The Pavilion Gardens' India Gate (or Indian Gate) is a Gujarati-styled stone gateway between the Gardens and Pavilion Buildings. It was donated to the Town as a gesture of thanks for the care given to Indian servicemen during World War One, during which the Pavilion was famously used as a hospital.
The India Gate was ceremonially opened in October 1921 by Bhupinder Singh, the Maharaja of Patiala (who was one of the main donors).
This is distinct from the Chattri, a dedicated memorial to commemorate the Indian soldiers who died in the Great War, which overlooks Patcham, and was unveiled in February of the same year.
Brighton had a number of sites pressed into service for medical care of "Empire" soldiers, the idea being that dedicated sites would make it easier to allow the dietary and cultural requirements of Hindu, Muslim and Sikh service personnel to be properly attended to (and an apparent suggestion that the Pavilion's Eastern-inspired architecture might make some of the convalescents feel more at home during their stay).
Stone inscription nearby
THIS GATEWAY IS THE GIFT OF INDIA IN COMMEMORATION OF HER SONS WHO ~ STRICKEN IN THE GREAT WAR ~ WERE TENDED IN THE PAVILION IN 1914 AND 1915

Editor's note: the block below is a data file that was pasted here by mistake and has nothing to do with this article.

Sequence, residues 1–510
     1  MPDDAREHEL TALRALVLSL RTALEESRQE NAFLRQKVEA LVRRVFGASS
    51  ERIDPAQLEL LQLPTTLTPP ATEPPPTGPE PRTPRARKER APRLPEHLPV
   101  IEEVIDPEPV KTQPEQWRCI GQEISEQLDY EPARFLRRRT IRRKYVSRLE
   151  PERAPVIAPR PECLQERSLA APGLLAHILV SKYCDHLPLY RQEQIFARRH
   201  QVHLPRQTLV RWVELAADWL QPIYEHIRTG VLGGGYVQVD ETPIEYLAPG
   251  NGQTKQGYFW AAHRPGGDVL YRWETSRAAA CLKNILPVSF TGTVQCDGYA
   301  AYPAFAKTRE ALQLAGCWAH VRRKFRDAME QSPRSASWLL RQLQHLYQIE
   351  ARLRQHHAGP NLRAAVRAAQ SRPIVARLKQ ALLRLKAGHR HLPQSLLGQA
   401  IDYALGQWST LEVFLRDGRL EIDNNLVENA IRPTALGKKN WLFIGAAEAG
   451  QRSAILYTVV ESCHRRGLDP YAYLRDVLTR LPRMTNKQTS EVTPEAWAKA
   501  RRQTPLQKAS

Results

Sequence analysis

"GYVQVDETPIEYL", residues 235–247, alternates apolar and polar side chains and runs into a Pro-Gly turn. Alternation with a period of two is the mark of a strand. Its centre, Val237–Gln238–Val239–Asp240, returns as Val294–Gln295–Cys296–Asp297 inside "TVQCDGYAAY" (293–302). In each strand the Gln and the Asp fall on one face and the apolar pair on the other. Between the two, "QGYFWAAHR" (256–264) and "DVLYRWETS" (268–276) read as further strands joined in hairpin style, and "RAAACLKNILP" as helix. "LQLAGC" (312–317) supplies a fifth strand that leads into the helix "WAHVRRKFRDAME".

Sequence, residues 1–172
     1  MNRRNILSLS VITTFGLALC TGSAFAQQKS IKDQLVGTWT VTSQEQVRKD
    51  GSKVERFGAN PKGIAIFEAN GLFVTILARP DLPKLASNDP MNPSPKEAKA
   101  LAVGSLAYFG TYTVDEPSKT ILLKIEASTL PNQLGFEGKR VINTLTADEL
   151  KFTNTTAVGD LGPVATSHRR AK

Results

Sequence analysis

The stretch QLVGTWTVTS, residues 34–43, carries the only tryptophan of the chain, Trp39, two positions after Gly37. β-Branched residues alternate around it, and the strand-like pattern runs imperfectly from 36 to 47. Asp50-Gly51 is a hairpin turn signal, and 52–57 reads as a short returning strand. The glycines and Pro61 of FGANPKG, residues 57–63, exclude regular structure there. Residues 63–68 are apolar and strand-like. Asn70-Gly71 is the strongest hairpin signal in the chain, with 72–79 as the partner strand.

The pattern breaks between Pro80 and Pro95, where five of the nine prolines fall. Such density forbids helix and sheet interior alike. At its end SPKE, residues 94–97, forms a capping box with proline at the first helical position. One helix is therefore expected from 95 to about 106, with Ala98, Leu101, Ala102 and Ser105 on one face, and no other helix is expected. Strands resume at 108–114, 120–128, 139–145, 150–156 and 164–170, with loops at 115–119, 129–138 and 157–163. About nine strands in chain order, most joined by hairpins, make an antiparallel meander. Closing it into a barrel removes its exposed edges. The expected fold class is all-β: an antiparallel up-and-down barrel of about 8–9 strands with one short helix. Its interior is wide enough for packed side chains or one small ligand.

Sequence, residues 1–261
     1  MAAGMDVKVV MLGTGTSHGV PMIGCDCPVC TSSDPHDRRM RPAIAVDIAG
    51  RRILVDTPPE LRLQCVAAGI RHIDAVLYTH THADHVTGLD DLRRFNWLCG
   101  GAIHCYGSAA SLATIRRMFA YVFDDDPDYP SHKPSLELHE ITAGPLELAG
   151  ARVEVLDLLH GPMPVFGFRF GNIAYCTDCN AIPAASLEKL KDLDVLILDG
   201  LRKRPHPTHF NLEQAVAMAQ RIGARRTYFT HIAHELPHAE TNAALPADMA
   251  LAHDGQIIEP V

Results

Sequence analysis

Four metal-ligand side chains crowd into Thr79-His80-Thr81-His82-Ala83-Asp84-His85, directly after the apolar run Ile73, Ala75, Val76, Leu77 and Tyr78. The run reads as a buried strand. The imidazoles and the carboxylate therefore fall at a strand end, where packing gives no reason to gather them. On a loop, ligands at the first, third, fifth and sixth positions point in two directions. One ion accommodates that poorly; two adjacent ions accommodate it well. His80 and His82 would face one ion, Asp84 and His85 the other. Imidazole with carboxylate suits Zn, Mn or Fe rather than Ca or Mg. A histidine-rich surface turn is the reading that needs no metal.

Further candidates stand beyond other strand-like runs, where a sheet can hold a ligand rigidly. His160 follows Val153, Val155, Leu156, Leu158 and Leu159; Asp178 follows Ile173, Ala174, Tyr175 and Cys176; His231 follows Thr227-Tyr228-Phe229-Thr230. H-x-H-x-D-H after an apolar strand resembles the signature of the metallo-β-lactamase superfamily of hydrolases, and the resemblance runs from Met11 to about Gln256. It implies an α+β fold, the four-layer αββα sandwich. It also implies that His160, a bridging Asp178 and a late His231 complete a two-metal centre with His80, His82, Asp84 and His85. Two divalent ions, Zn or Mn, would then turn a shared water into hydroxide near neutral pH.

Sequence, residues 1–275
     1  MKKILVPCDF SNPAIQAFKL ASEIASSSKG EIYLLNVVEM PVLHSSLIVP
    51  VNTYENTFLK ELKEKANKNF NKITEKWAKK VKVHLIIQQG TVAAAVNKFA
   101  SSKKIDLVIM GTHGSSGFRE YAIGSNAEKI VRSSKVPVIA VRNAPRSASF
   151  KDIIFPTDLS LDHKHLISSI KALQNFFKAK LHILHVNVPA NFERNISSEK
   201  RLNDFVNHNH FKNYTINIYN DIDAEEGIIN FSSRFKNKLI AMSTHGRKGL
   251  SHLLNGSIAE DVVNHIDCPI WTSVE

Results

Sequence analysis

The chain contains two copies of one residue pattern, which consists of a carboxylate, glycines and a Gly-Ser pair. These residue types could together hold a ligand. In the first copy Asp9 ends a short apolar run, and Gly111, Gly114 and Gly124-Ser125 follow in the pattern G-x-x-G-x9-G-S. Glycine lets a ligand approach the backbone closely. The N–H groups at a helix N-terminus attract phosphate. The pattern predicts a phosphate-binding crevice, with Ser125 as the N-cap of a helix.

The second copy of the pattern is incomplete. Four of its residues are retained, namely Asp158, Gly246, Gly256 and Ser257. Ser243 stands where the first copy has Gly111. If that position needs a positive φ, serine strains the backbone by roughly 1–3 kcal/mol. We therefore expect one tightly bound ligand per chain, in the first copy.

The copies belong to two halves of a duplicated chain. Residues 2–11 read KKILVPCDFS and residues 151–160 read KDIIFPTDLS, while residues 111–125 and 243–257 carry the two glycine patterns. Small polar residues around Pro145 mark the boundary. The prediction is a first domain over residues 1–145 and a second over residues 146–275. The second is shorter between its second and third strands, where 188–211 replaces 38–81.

The India Gate is supposed to have been designed by Thomas Tyrwhitt RIBA (1874-1956), Tyrwhitt did some architectural work in South Africa and Hong Kong, and at the time had a London-based practice, and had just done some small works for the Ministry of Agriculture.
The South Gate (1851-1921)
The previous South Gate consisted of a pair of smaller squat-onion-domed four-pillared pedestrian entranceways, flanking a comparatively low pair of iron gates that could be swung open to allow horses and carriages to pass.
The South Lodge (1831-1851)
The 1851 South Gate was built after the Commissioners acquired the estate in 1850, and replaced a yet earlier South Lodge that existed when the estate was private, and which was demolished after the acquisition.
- South Gate: a gift to the city in 1921 (mybrightonandhove.org.uk)
- Unveiling of the Indian Gate, 26th October 1921 (brightonmuseums.org.uk)
- Remembrance > Indian Memorial Gateway (sikhmuseum.com)
- How Brighton Pavilion became a temporary hospital for Indian soldiers in WW1 (telegraph.co.uk)
- Indian soldiers in East Sussex (eastsussexww1.org.uk)
- 1921 – The Royal Pavilion Gate-way – A gift (black-history.org.uk)
- Brighton during World War 1 (india1914.com)
- 2014: Wreath laying ceremony to remember WW1 Indian soldiers (brighton-hove.gov.uk)
- 2016: Subedar Mir Dast "Blue Plaque" ceremony (www.chattri.org)